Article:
Knocking down the barriers

Andrew is committed to inspiring other Ugandan diaspora and youth agripreneurs, helping to boost the agriculture sector in his home country. From Zimbabwe, he offers others his technical support on the poultry sector and business model development through online platforms and social media.

Creating an enabling environment for diaspora to engage in the development of their country of origin is key to maximizing the impact of their activities. To encourage this, FAO, in collaboration with the Ministry of Foreign Affairs and the Uganda Agribusiness Alliance launched the first Ugandan Diaspora Agribusiness Investor Award to celebrate successful diaspora agripreneurs and their contributions to their communities. Andrew was delighted to be one of these winners, with judges commending hissuccessful business model, impressive turnover and strong commitment to employing young people. The award will provide Andrew and Destiny Farms with new media exposure and access to a network of agri-food service providers, as well as tailored coaching and participation in national agribusiness exhibitions in order to strengthen his business yet further.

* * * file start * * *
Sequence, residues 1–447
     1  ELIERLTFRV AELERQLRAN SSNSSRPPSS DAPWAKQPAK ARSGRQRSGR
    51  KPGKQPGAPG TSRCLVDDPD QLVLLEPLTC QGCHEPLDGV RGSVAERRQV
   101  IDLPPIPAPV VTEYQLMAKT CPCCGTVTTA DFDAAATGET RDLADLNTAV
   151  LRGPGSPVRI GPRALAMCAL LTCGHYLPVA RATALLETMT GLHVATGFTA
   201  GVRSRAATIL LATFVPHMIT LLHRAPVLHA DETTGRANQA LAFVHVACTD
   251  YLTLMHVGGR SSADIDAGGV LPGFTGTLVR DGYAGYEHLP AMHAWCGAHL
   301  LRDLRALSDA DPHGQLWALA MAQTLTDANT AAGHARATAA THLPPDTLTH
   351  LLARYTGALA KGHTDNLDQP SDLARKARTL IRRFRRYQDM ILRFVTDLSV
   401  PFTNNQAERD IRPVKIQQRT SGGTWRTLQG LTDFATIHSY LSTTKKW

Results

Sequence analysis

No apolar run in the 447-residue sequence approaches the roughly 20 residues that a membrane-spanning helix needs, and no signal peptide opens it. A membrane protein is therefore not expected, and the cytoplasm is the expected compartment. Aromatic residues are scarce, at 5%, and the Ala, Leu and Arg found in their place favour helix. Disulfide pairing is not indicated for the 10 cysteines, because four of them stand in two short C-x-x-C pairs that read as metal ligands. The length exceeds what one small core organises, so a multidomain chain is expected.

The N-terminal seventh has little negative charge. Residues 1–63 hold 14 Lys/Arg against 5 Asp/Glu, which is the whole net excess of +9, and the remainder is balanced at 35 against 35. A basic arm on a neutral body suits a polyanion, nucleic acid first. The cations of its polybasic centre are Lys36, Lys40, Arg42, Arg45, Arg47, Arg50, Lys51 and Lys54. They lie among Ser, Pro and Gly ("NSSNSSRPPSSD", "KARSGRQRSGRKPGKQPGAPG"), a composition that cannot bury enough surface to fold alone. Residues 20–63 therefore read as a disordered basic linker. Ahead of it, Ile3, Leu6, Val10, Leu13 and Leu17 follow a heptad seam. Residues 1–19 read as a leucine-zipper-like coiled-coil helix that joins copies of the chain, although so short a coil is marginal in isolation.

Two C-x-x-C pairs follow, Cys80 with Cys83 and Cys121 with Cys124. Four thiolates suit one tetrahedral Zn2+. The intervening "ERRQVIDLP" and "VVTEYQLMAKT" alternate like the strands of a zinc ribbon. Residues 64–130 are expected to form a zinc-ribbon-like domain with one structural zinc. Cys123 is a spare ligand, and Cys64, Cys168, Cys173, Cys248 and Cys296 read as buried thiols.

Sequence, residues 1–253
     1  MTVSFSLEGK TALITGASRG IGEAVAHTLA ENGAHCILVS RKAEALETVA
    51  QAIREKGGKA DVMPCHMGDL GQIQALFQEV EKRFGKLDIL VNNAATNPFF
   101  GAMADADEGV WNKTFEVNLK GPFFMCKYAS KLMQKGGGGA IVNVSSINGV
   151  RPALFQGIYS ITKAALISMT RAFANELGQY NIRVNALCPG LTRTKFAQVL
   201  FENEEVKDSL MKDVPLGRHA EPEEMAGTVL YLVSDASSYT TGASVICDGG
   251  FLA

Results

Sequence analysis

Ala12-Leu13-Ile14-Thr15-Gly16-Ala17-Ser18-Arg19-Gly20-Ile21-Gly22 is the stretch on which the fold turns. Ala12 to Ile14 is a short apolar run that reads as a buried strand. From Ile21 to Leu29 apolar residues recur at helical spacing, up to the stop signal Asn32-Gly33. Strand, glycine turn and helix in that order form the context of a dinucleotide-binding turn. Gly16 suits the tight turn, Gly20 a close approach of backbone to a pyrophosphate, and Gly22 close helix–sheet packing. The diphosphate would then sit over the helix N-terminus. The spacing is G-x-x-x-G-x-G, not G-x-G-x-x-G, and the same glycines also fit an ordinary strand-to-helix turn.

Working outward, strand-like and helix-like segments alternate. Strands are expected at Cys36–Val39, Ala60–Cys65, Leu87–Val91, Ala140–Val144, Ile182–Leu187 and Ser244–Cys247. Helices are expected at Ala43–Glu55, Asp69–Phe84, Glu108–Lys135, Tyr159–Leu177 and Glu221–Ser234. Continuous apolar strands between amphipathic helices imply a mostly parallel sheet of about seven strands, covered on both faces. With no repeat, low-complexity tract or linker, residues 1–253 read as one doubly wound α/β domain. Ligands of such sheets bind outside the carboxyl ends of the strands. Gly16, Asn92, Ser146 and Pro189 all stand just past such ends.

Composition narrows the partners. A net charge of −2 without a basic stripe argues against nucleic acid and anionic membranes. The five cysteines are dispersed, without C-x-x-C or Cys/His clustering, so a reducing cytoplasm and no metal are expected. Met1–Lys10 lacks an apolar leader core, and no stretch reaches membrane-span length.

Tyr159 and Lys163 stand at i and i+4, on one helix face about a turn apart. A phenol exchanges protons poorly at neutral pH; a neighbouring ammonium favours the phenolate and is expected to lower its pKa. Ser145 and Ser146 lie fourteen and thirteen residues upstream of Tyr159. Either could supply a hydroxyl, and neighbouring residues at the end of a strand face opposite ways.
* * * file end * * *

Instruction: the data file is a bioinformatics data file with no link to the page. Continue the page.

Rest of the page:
Now, Andrew is planning to launch an agri-consulting firm to encourage others who have moved abroad to bring their skills and knowledge back to Uganda and invest in agriculture.  

Andrew runs Destiny Farms Ltd from abroad, relying on his brother Christopher (pictured above) to manage the day-to-day of the farm. Over the past three years, the company’s sales and profits have almost doubled. ©Uganda Agribusiness Alliance